So yesterday I got to wait for two hours at the DMV to renew my learner's permit (because I'm embarrassingly 19 1/2 and still afraid to get behind the wheel). [I know. Driving isn't that hard. Lots and lots of people have learned how to drive, many of whom probably have less good hand-eye coordination than I do (not that I have wonderful coordination, but playing cello must help some!), and it is a necessary skill, and so on.] At [livejournal.com profile] voglia_di_notte's instigation, I was reading Henry IV Part One, but I finished it, so I started reading Holinshed exerpts in the back. From the bit about the reconciliation of King Henry and Hal, there was this description of the latter:

"He was appareled in a gown of blue satin full of small eyelet holes, at every hole the needle hanging by a silk thread by which it was sewed."

Isn't that lovely! Of course, I have many questions: how small were these eyelet holes? Wow widely or narrowly spaced apart? How long were the silk threads hanging? I suppose one could get an interesting patterned effect by varying the lengths of the threads according to some rule. Even all regularly, it would be beautiful to see: all of those little silvery things swinging back and forth and catching the light, like a walking mobile. I should think it would be a bit dangerous to embrace people in, however, and particularly your father who already suspects you of wanting to off him.

It always happens that whatever costume project I'm on, I want to be doing a different one, because I would give up on the Elizabethan dress in a minute to start some sort of houpplande-type thing with needles hanging off it right now! But I am not going to waste either my cloth or what I've started. I need to start working faster. This evening, I finally tried on my corset again, and then ripped the side seams out before I could persuade myself that it was the right size. As usual, I made it too big -- and corsets tend to stretch. I tried pinning it smaller, but I think I shall have to baste it, because cloth stuffed full of straws does not like to be pinned. Specifically, when I try it to put it on, it all falls apart. This means that if last night we had scorpions, tonight we are likely to have pins on the floor.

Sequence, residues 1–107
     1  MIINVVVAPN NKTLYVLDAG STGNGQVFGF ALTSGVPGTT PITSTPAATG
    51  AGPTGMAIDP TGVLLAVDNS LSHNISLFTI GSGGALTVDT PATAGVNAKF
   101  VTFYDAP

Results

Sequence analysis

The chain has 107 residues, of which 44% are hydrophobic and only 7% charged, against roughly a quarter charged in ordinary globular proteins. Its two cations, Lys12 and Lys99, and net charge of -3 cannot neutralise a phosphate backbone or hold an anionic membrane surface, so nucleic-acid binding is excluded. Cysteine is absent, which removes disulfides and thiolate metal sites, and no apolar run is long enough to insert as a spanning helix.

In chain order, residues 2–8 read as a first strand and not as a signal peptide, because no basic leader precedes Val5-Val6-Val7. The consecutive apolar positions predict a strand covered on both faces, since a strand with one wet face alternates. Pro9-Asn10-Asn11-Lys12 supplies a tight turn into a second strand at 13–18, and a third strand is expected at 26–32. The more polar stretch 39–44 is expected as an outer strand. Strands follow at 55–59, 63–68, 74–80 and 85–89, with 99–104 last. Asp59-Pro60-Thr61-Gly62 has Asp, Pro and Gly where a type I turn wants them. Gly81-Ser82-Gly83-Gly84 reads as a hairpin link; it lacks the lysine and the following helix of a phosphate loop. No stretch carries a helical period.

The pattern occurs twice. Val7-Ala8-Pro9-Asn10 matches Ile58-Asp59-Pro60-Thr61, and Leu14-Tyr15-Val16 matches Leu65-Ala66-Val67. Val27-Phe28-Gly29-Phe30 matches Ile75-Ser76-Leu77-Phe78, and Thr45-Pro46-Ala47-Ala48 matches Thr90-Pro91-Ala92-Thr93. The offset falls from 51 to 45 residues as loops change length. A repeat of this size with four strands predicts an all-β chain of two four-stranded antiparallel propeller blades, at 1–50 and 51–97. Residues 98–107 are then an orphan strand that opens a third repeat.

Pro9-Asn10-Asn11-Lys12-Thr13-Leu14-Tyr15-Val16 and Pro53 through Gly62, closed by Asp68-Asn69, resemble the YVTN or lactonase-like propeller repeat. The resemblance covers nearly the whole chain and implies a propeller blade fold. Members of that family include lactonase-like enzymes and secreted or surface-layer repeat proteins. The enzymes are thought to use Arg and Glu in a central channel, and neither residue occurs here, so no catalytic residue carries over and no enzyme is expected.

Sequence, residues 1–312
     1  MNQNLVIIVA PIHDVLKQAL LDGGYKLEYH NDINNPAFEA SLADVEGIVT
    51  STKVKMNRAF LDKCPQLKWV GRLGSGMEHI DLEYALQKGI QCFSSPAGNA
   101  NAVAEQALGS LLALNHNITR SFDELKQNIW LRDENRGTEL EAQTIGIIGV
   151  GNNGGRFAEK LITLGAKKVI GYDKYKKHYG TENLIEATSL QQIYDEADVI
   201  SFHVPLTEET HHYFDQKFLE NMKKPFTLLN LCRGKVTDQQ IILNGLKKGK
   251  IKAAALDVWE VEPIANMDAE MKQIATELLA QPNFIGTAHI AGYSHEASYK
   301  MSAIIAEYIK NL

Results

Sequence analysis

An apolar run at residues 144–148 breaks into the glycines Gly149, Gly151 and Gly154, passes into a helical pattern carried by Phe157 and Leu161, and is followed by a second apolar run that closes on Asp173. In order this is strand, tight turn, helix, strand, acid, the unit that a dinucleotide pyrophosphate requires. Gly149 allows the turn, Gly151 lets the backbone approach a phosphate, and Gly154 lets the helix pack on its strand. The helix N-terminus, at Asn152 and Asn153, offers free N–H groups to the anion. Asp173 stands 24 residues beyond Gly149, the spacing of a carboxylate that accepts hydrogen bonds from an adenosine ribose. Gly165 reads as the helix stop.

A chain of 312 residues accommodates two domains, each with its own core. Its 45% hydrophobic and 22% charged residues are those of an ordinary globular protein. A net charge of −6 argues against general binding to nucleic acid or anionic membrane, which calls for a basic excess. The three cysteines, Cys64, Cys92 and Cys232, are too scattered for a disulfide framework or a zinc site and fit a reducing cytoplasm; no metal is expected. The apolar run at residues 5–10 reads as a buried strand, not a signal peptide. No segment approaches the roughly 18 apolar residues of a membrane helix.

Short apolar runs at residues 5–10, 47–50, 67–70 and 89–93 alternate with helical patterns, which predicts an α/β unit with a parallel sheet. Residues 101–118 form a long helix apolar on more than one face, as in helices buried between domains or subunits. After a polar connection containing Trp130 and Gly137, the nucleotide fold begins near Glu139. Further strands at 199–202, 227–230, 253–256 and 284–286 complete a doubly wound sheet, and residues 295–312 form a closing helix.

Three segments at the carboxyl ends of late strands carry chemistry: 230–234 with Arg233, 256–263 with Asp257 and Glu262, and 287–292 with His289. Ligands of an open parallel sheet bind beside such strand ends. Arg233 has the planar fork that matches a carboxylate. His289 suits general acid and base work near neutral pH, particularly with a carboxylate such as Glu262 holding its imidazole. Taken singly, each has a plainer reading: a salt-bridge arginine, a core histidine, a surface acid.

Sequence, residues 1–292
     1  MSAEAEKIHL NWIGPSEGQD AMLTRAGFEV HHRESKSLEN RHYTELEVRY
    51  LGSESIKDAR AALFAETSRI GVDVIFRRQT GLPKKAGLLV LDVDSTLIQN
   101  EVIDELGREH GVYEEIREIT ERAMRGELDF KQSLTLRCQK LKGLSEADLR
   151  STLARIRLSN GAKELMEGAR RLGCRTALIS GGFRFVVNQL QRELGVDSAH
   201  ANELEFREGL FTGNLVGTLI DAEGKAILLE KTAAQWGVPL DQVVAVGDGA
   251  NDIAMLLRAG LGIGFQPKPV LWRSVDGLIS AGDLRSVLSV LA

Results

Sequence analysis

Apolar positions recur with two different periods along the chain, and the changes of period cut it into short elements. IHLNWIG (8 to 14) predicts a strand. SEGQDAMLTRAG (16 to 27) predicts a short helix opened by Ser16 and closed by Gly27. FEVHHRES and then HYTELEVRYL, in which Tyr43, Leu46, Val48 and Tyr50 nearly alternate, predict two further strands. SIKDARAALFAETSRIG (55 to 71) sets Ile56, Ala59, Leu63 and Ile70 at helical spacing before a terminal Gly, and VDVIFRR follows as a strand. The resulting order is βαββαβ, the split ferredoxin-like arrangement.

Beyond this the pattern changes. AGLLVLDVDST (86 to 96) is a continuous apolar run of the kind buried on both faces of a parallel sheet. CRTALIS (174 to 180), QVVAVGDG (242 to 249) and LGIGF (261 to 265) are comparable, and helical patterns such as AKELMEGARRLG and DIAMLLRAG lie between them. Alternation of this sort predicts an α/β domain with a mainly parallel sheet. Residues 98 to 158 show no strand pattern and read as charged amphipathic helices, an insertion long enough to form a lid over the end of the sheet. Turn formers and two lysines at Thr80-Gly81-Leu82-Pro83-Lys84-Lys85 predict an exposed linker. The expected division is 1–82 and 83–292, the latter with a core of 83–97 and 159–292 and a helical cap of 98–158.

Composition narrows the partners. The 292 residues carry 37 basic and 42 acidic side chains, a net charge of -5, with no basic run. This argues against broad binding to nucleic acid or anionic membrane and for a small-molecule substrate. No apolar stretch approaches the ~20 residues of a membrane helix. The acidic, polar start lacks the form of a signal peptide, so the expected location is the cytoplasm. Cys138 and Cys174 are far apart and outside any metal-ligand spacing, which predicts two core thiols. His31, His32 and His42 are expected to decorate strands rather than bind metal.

I got my cello back from Zoran today. He didn't like my Eudoxas, as I suspected, and advised me I should try either Prim G and Spirocore C or Larsen G and C to get a better balance. He let me play the cello he had just made, and I stupidly attempted the opening of the Schumann -- in the wrong key. That certainly showed how much I've been practicing.
ricardienne: (augustine)
I am feeling quite strange right now. I suppose I should either go practice or start trying to trick iDVD again. (I thought I had fooled it, but it caught on: the computer appears to be cleverer than I am.)

Today, I put the bottom two hoops in my farthingale. It was unbelievable how often the best laid plans of mice and men went awry during the process. I am telling myself that they only get smaller as I go, and I must get better and binding ~1 foot straws into several yard multi-strand bundles so that I can shove them through casings and not have them collapse, but I am not sure. I pinned it onto my dress-form so I could actually manipulate the "bents" properly, but I didn't do it with any concern for how it should actually hang; I hope that this is why it is collapsing in on itself instead of standing out completely. As it is quite full even so, I suspect I made it too wide. At the moment, I am not at all sure that it will support a skirt, even if I end up having enough cloth to make one full enough, but we shall see -- probably not until next year, at this rate.

I read King of Attolia today -- I got it from the library. I couldn't resist raiding the discards for sale corner: the Norton Critical Ed. of selected Canterbury Tales, "6 Restoration Dramas," a stupid-looking JV fiction novel about a girl who goes back in time to fall in love with Edward VI who, according to the back cover, "turns out to be kind of cute." I'm not sure why I have an affinity with this kind of thing. I also grabbed a paperback Wolves of Willoughby Chase partly because I read Joan Aiken's books when they were out of print, so I have an instinct to grab them whenever I see them. And then I found that I didn't have any change, so I ended up only paying 60 cents, although I owed more like 1.50. I always seem to find a lot of books I want to buy when I don't have the money, but I never am able to give them up. "I'll put money in next time," I have said several times, now, but have I? I really should make an effort, I suppose.